The wife and I saw Low last night at the Varsity Theater in Minneapolis. It was a great venue and a great concert — we got treated to two sets and an encore, a good two hours of music. I don’t go to many concerts so I suck at reviewing them. I didn’t take notes so I don’t have the playlist. Nor did the experience, although it was great, provide me with any major insights in to the band, its music, indie rock, Mormon culture, etc. But I can share a few minor thoughts that I had during the course of the evening:
- The band is both much darker and a bit more funnier than I had previously realized.
- Alan Sparhawk is rather a bluesman, isn’t he? Watching him sit with a guitar in his lap and hearing it and his vocals — Alan is singing the blues.
- The harmonies sound even better in person.
- There is a lot of talk about blood and deserts and flowers and bodies of water and bodies.
- When Low gets written about, it’s always about Alan. When it is about Mimi, it’s about her in relation to Alan. When it’s about the bassist (Low has had 4; the current bassist is Steve Barrington), it’s about his relationship to Alan and to Alan and Mimi. In performance, yes, Alan is clearly the front man, but in some ways all 3 members are in their own world. There’s little interaction except through each of what they contribute to the music, but, you know, that’s what you want, I think, from a band like this. I guess what I’m getting at here is that the band doesn’t work without the bassist or any of the other members — the way the music is built just really works and when you can see every note being played and song, it really hits that point home.
- All three members of the band close their eyes much of the time while they are playing. Like prayer or meditation or simply intense focus. And it makes sense, not just because of the emotional intensity of the songs, but also because so much of Â the music require precise hitting of and timing of notes (and of getting the silences right).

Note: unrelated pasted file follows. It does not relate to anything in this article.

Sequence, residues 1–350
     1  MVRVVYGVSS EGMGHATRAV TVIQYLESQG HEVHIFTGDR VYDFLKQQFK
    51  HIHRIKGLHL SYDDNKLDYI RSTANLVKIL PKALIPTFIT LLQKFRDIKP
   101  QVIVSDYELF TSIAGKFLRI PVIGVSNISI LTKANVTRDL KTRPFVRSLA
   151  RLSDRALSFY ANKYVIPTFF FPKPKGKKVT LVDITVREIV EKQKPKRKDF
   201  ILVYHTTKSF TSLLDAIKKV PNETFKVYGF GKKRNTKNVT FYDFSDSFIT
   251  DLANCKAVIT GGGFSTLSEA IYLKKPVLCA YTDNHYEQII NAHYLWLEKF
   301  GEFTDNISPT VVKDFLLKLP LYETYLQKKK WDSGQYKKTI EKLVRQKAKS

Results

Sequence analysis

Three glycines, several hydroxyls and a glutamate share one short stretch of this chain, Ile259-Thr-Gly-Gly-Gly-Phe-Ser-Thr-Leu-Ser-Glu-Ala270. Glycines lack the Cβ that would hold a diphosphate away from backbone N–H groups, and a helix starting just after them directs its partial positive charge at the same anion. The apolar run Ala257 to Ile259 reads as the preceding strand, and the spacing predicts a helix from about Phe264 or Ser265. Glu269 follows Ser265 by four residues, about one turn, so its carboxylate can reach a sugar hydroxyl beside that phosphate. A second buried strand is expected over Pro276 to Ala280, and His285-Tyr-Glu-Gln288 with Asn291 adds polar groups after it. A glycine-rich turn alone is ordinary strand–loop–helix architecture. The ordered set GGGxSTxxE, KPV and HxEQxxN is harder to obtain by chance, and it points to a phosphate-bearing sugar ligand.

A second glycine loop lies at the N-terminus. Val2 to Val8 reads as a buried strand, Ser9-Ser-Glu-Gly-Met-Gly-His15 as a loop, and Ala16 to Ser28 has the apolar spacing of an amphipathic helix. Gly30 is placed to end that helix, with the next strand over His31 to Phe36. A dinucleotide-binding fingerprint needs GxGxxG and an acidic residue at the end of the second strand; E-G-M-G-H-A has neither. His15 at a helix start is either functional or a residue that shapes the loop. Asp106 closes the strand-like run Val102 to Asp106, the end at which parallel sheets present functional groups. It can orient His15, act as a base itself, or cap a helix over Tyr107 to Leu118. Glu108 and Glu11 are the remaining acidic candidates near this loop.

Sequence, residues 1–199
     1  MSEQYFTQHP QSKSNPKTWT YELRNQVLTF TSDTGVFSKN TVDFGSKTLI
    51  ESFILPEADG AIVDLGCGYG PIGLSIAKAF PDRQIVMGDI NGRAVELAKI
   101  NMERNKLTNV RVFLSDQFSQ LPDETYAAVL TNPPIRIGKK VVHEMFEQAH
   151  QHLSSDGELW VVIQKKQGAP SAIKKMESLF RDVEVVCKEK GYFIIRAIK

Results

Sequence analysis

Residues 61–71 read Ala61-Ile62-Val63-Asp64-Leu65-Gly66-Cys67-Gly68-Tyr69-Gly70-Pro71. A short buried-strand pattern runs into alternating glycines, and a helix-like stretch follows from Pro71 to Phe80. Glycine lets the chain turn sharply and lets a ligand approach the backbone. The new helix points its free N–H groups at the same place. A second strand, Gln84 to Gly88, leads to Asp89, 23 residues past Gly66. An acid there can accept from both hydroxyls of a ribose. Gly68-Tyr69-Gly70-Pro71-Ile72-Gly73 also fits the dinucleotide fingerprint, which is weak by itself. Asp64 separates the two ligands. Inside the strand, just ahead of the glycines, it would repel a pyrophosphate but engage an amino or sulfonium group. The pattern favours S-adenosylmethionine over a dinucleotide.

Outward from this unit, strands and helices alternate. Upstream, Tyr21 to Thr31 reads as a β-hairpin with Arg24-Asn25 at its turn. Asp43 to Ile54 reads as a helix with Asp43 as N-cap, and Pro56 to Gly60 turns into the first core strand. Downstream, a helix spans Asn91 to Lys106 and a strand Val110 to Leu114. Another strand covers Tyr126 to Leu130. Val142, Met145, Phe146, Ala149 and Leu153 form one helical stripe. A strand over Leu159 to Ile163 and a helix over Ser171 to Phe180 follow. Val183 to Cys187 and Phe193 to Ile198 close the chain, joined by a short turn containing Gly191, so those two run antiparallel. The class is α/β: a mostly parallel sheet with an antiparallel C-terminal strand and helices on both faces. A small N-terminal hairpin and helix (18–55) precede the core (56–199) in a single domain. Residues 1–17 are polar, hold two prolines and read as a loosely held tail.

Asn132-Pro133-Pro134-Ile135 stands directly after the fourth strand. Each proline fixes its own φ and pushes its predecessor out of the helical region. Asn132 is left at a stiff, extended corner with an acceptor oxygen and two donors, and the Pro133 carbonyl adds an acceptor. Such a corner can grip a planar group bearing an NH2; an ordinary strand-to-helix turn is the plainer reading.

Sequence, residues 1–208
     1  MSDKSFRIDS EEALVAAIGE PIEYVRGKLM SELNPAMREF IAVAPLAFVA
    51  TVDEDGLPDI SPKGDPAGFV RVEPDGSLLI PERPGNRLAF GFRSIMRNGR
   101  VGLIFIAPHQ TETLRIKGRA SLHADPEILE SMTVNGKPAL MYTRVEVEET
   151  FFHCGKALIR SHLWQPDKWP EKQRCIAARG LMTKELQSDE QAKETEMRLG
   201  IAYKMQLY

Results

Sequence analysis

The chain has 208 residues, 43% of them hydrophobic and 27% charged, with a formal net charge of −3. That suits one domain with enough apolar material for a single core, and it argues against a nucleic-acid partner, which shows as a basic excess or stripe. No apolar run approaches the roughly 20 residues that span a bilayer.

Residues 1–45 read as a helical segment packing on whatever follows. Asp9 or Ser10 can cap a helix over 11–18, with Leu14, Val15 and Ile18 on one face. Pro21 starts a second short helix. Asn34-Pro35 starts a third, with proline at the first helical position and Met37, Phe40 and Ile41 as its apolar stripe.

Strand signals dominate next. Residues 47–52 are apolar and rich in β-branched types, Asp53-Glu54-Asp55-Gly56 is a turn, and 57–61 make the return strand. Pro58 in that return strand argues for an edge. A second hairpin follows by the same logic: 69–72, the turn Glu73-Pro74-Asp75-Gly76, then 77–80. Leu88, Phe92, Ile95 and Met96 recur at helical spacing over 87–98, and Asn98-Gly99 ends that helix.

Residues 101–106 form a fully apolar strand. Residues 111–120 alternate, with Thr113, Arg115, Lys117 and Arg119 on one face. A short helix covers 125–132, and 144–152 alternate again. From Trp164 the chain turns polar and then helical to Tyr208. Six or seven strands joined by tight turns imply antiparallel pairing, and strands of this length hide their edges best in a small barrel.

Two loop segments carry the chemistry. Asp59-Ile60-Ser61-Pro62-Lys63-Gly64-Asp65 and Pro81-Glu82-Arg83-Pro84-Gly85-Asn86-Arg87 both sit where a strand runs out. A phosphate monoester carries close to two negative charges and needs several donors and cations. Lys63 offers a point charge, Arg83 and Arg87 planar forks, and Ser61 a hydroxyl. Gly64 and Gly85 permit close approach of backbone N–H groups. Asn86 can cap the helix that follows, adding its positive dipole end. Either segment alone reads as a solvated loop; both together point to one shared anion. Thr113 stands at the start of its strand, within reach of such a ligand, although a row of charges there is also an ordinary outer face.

- Alan is one intense dude. I don’t know whether it’s an act or whether it was an off night (it sure didn’t seem like), but he was struggling in parts. Or maybe just really feeling it. Near the final 1/3 of the first set heÂ deliberately pulled out four or five guitar strings at the end of a song that ends with the repeated lyric “I am nothing but heart.” He then mumbled a joke about it and casually got another guitar.
- There’s nothing explicitly Mormon in the music of Low. I mean, yes, you can pull out phrases and images. But it’s all rather oblique. However, what is clear is that Alan is grappling with faith and violence and love and humanity in his lyrics. And some of them give you chills — Murderer and Cue the Strings, in particular got to me last night. But really, that’s only the beginning. I mean, they must have played more than 20 songs.
Linescratchers: Q&A with Alan Sparhawk
Kulturblog: Susan M reviews a Low concert